By Kerry Ezard at the Farnborough air show
Engine Alliance believes its GP7000 engine is largely compatible with the requirements of the two smaller variants of the revamped Airbus A350 XWB, but further evaluation is needed to meet the requirements of the larger variant, the A350-1000.
The announcement comes a day after UK engine manufacturer Rolls-Royce confirmed it has sealed a preliminary agreement to supply a next-generation Trent engine for Airbus’s new revamped A350 aircraft family.
Speaking today at the Farnborough air show, Pratt and Whitney (P&W) president Steve Finger said the GP7000, which is being jointly developed by P&W and General Electric, has “a lot of attributes that would work” on the A350 XWB. He adds that P&W is “working through Engine Alliance to make an evaluation”.
Airbus yesterday unveiled its revamp plan for the A350, which includes three variants: the 270-seat A350-800, the 314-seat A350-800, and the 350-seat A350-1000. The airframer is seeking to have a choice of two powerplants on the aircraft and has already sealed a preliminary agreement with one supplier, Rolls-Royce, covering all three models.
P&W commercial engines president Steve Heath says the manufacturer will “study Airbus’ requirements” and carry out “some upgrades” to the existing GP7000, which is designed to power the Airbus A380. However, with a thrust range of between 74,000lb (330kN) and 84,000lb, the engine in its existing form is not capable of meeting the 95,000lb thrust required by the A350-1000.
“Engine Alliance could cover the -800 and -900 with the current engine – the big aircraft is the problem,” he notes.
Finger declines to disclose whether Engine Alliance has been approached by Airbus over developing a powerplant for the revamped A350 family, but notes the joint venture is “in discussions” with the European manufacturer. “Our focus is to leverage the investment we’ve already made,” he adds.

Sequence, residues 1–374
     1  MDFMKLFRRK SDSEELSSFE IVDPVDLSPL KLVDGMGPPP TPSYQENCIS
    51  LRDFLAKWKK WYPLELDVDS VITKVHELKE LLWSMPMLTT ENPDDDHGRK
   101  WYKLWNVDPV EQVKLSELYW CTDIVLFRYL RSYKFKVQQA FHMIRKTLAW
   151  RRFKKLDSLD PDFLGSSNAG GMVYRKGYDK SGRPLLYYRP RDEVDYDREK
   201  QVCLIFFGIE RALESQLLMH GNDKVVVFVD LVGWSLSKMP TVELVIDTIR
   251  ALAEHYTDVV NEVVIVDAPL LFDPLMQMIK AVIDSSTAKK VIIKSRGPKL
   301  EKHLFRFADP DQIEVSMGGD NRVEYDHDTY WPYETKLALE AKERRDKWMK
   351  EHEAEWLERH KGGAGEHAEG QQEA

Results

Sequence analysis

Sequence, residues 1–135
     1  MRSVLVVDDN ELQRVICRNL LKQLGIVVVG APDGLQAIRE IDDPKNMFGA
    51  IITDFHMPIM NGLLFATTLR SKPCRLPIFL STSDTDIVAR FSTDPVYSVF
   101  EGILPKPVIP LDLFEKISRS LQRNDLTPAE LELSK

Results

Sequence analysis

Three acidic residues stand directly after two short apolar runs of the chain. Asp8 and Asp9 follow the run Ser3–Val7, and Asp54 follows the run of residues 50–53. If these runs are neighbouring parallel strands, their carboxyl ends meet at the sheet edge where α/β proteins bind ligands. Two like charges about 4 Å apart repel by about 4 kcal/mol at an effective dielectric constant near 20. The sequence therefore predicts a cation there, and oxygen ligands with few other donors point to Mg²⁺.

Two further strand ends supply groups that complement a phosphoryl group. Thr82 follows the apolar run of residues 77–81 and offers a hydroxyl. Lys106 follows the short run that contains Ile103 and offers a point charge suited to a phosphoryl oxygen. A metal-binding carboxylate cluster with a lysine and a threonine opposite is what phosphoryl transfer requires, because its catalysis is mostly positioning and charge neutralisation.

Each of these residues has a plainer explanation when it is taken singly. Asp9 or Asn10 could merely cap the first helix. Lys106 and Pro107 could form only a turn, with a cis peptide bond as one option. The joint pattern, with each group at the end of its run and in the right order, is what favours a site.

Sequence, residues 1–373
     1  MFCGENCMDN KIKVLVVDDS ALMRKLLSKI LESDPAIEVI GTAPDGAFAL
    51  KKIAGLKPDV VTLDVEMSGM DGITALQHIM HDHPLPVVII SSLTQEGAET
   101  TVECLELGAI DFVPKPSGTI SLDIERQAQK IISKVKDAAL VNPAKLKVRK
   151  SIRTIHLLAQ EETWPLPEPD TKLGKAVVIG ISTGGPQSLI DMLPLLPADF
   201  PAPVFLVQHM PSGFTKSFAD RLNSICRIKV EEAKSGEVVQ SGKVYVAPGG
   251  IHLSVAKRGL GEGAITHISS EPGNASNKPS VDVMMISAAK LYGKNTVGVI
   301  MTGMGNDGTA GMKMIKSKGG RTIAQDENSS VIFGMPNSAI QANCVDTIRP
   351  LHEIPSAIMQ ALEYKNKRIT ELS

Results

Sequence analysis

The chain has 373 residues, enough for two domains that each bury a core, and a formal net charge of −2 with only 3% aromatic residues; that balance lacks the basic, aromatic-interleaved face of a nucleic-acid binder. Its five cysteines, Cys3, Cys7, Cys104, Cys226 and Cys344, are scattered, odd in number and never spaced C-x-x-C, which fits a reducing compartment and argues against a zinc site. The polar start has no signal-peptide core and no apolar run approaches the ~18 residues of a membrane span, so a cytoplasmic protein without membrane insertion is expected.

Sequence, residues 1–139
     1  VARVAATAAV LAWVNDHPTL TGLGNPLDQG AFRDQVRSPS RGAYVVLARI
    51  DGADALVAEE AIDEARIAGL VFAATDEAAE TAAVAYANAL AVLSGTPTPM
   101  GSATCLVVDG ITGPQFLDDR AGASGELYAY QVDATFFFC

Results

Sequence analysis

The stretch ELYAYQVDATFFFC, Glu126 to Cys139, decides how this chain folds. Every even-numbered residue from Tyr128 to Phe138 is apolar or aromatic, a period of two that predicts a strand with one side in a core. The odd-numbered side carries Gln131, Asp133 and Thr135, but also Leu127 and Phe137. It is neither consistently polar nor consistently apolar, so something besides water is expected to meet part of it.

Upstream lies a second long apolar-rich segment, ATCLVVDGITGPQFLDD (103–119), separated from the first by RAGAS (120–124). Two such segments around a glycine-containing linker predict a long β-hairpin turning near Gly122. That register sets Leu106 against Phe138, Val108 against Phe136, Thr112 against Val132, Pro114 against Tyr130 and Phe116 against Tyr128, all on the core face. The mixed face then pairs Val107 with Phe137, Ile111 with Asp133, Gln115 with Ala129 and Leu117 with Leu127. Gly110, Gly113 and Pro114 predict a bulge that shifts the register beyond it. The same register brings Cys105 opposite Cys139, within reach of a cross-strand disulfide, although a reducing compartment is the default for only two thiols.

Airbus's hinted yesterday that it would be seeking to have a choice of two powerplants on the A350 XWB. “We have a commitment from Rolls-Royce – for an engine for each aircraft. It is going to have another engine and we are in discussions with different manufacturers and engine alliances,” said Airbus chief operating officer John Leahy.
Rolls-Royce president of civil aerospace Mike Terrett says: "As a result of positive discussions with Airbus, we have concluded a preliminary framework agreement to make a new member of the Trent family available on the A350 XWB.
"Establishing a position on this programme is important for Rolls-Royce. It broadens our excellent working relationship with Airbus through a significant new venture, and provides a strong platform as we aim to maintain our position as the leading engine supplier for the new-generation widebody market."
Ironically Rolls-Royce now finds itself as the first engine manufacturer to sign up to the programme, having joined the original A350 programme only last October. The original A350 was initially offered to carriers with only the rival General Electric GEnx engine, before Rolls-Royce reached agreement to develop a new powerplant, the Trent 1700 engine, for the aircraft.
First flight of the A350 XWB family is slated for 2011 ahead of a mid-2012 service entry target.